Growing Strawberries: Last week we talked about the success of growing strawberries in Nantucket. We are happy to know that it is just as successful in this village (Barnstable). We have hardly ever seen berries more deliciously scented or larger, or vines of more lush growth than those seen in this village, in the current season.
Our farmers have been very busy over the past fortnight securing their crop of grass, which is unprecedentedly light. The second harvest, however, promises well. Hay is offering just to be bred this fall.
The 36-ton Charles Everson sloop was purchased by Colonel Procter of West Barnstable, and will be transported between there and Boston as a package affecting each trip to Barnstable and Yarmouth. Captain John M. Young of this village will command it and Chas. H. Hinckley will go as second, etc.
Centerville: The large trees in the center of our village are being cut down by the responsible committee and this is an important and necessary improvement. There are few or no villages on the Cape that have such a beautiful street as this part of the village, and we hope to soon see trees spreading the length of all the streets in the village.
It’s the week of the start of the town of Barnstable with all its festivities. Barnstable High School graduation exercises take place at Hyannis Baptist Church on Thursday eveningâ¦ The graduation party will be held at Barnstable Village Hall on Friday evening. The graduation exercises at LycÃ©e Elizabeth Lowell de Cotuit will take place on Wednesday evening in the Baxter room in Santuit. The class is eight this year.
Daily air service from Boston to Hyannis, Martha’s Vineyard and Nantucket will begin Saturday with a plane leaving Boston at 5:30 p.m. for these locations. The trip to Hyannis will be in just under an hour and after landing its passengers here, the plane will depart for Martha’s Vineyard and Nantucket. This service will be provided by the Curtiss-Wright Flying company, the same as last summer.
The Barnstable Patriot – “Cape Cod’s Oldest Newspaper” – is 111 years old today. The issue of this historic journal which goes to press tonight is marked “112th year, No. 1”. oldest newspapers. His name is relevant in these memorable days.
A Cape Cod Kennel Club sanction game took place last Sunday afternoon at Dr. Daniel Leach’s grounds in Osterville. The screening consisted of regular lessons and manipulation lessons for children. “Murray’s Ring”, a standard Schnauzer owned by Hudson Kalloch of Hyannis, won the award for best show. He was also chosen the best in the working group. Over 100 dogs have been entered. (Note: Other class winners included a Beagle named “Ringtime Rascal”, a Scottish Terrier named “Scorne Maggie” and an Irish setter named “Lady Sequoia of Tralee.”)
Already classified as a premier aviation facility, Barnstable Municipal Airport in Hyannis is adding a high-intensity light path that will allow approaching aircraft to spot its main runway at a distance of 3,000 feet, even though the airport is “fogged up”. The airport is frequently used by President John F. Kennedy. Two weeks ago, Hyannis Airport began operating a federally controlled field tower that allows it to operate planes similar to those landing in Boston and New York, thus making the Cape Cod field one of the main airports on the east coast.
Tales of Cape Cod accepted Cape Cod Community College’s offer of a research room to serve as a repository for its historical documents and a meeting place for its leaders and members. These documents, made up of files of informative articles, publications, images and other objects of historical interest, will be available to visitors for study and research. Tales of Cape Cod is primarily concerned with the preservation of landmarks, as well as the stories of Cape Cod from days gone by through tape recordings of the voices of the ancient Cape Codders. The organization preserves artefacts, publishes brochures, tracks various historical finds, and conducts research.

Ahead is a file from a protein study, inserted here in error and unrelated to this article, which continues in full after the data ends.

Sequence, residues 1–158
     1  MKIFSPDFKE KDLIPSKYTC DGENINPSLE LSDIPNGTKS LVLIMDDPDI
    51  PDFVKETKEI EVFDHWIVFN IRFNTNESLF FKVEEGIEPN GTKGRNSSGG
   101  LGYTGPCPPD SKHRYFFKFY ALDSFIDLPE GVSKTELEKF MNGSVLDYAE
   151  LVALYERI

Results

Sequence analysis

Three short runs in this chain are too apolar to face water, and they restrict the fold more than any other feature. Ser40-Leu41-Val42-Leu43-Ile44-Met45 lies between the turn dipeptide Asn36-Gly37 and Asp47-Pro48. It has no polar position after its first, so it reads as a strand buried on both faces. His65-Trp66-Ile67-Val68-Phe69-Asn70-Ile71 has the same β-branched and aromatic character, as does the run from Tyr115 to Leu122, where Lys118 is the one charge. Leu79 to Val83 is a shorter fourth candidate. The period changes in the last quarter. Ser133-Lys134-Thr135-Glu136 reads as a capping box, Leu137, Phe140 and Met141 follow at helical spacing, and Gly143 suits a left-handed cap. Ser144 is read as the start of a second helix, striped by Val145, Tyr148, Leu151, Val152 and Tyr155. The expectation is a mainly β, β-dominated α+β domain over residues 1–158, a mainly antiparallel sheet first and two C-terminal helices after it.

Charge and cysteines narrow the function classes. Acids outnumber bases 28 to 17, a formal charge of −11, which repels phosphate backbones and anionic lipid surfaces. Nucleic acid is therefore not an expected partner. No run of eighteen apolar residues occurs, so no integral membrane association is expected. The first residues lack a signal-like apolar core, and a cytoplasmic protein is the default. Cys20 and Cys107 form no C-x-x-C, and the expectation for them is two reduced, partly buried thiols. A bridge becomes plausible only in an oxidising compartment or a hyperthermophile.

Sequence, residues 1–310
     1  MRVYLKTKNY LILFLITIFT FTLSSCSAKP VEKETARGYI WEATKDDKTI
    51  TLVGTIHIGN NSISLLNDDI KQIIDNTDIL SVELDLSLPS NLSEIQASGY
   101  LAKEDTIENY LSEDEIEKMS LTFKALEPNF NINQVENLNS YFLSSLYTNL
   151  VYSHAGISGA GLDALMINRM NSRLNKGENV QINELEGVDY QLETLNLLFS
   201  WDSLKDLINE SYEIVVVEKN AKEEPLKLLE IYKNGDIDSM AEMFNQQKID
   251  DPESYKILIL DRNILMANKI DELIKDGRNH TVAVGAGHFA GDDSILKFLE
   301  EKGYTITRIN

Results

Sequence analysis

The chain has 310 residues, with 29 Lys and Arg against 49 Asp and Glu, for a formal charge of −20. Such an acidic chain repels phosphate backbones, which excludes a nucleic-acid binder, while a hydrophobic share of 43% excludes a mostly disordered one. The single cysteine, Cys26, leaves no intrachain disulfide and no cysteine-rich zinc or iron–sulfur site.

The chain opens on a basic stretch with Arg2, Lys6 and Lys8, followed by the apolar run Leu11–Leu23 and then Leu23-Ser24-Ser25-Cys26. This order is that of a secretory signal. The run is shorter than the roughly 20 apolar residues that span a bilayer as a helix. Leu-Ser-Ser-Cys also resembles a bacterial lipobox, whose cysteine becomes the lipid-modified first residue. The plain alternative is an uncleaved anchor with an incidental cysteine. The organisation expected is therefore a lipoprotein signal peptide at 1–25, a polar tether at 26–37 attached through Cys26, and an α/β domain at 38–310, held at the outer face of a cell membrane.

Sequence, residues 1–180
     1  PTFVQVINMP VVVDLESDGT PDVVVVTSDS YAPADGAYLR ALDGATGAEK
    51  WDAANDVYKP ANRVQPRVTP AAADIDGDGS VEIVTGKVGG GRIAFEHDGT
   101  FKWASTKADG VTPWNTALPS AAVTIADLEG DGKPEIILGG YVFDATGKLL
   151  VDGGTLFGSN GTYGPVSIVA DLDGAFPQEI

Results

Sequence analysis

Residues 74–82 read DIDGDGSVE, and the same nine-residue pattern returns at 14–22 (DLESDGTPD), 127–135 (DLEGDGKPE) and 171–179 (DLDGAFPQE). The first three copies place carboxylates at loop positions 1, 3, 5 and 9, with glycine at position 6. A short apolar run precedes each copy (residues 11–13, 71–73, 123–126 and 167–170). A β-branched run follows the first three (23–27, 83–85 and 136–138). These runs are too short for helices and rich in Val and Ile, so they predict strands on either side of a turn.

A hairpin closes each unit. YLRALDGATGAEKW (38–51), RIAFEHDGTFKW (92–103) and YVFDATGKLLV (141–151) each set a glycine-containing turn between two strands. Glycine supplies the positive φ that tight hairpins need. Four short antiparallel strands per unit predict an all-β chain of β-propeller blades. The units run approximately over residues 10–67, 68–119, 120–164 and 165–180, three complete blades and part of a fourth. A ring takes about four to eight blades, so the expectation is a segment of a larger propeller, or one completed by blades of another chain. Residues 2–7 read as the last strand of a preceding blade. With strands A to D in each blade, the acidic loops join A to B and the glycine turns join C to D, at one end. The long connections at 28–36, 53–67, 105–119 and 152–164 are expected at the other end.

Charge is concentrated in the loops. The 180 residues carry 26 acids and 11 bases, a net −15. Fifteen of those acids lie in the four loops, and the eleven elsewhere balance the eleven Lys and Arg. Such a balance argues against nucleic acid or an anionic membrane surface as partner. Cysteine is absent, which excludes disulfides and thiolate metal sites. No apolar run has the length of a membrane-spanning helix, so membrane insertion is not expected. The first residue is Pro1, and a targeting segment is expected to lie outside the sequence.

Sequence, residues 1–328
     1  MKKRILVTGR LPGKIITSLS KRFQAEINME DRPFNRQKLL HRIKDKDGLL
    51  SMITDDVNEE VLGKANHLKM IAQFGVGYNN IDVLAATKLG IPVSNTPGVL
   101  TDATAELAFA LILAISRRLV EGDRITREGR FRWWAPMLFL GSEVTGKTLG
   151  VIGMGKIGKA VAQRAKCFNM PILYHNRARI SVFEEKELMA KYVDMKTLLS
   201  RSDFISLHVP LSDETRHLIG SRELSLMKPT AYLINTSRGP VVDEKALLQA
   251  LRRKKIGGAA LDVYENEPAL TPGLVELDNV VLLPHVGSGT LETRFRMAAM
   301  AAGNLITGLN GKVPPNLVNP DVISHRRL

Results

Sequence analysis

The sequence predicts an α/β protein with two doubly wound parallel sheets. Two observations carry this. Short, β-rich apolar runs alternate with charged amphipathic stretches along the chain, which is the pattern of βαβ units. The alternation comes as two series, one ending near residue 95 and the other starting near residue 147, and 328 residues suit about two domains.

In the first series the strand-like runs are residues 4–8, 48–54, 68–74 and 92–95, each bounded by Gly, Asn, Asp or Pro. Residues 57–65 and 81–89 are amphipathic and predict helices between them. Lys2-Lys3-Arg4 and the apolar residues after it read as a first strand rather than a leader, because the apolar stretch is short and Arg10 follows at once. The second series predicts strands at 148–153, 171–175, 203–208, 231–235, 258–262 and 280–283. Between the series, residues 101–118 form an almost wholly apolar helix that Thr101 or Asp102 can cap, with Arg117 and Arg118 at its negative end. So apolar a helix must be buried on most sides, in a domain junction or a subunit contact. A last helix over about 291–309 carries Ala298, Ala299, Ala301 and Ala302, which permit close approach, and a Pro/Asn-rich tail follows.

nineteen eighty one
Water, water everywhere: Hyannis suffered a flood on Saturday that ranks among its worst flash floods. The hubcap deep water, a favorite for press photographers, came and went, but while it lasted, traffic was blocked in several places. In most of these areas, residents said, they could see people sitting on cars in knee-deep water and find traffic blocked or diverted. During the day, the cape gave way in four to five inches of rain while Nantucket reported six inches. A Cummaquid rain gauge showed 3.5 inches. The cellars and even some downstairs of several downtown stores were inundated with water gushing from the adjacent parking lots.
The Trayser Museum Complex of Barnstable History is scheduled to open on Saturday for its second season since its renovation. Over the winter, the Barnstable Historical Commission and the Museum Committee worked on the customs office and prepared it to open for the first time since 1962. The museum complex includes three buildings of unusual interest in the field of architectural, social and maritime history. The oldest of the three buildings is the Old Jail, built in 1690 to serve the county. It was moved to its present location in 1972. The other two buildings are the District Seven US Customs / Post Office, built in 1856 and its shed. (Note: the building now houses the Coast Guard Heritage Museum.)
A voluntary water conservation program has been set up by the Centerville-Osterville-Marstons Mills Water Department. Requests do not include any use of outdoor water between 9 a.m. and 6 p.m. Residents who live on the odd-numbered side of the street are asked to water their lawns on odd-numbered days and vice versa for those on even-numbered sides. (Note: Elsewhere in this June 28, 2001 issue of the Barnstable Patriot, it was reported, “A caller said the temperature panel on the bank of the airport rotary climbed to 107 degrees.